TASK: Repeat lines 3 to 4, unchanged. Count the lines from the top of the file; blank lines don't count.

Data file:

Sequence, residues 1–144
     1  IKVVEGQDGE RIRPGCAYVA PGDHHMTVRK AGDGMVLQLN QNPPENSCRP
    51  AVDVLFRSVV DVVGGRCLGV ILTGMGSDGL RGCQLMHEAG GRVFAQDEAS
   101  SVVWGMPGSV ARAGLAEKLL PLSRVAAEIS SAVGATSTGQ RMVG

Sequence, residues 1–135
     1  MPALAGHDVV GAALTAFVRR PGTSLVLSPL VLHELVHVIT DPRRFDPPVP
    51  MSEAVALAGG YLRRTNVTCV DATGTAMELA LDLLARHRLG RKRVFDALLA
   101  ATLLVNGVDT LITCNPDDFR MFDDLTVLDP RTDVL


    51  AVDVLFRSVV DVVGGRCLGV ILTGMGSDGL RGCQLMHEAG GRVFAQDEAS
   101  SVVWGMPGSV ARAGLAEKLL PLSRVAAEIS SAVGATSTGQ RMVG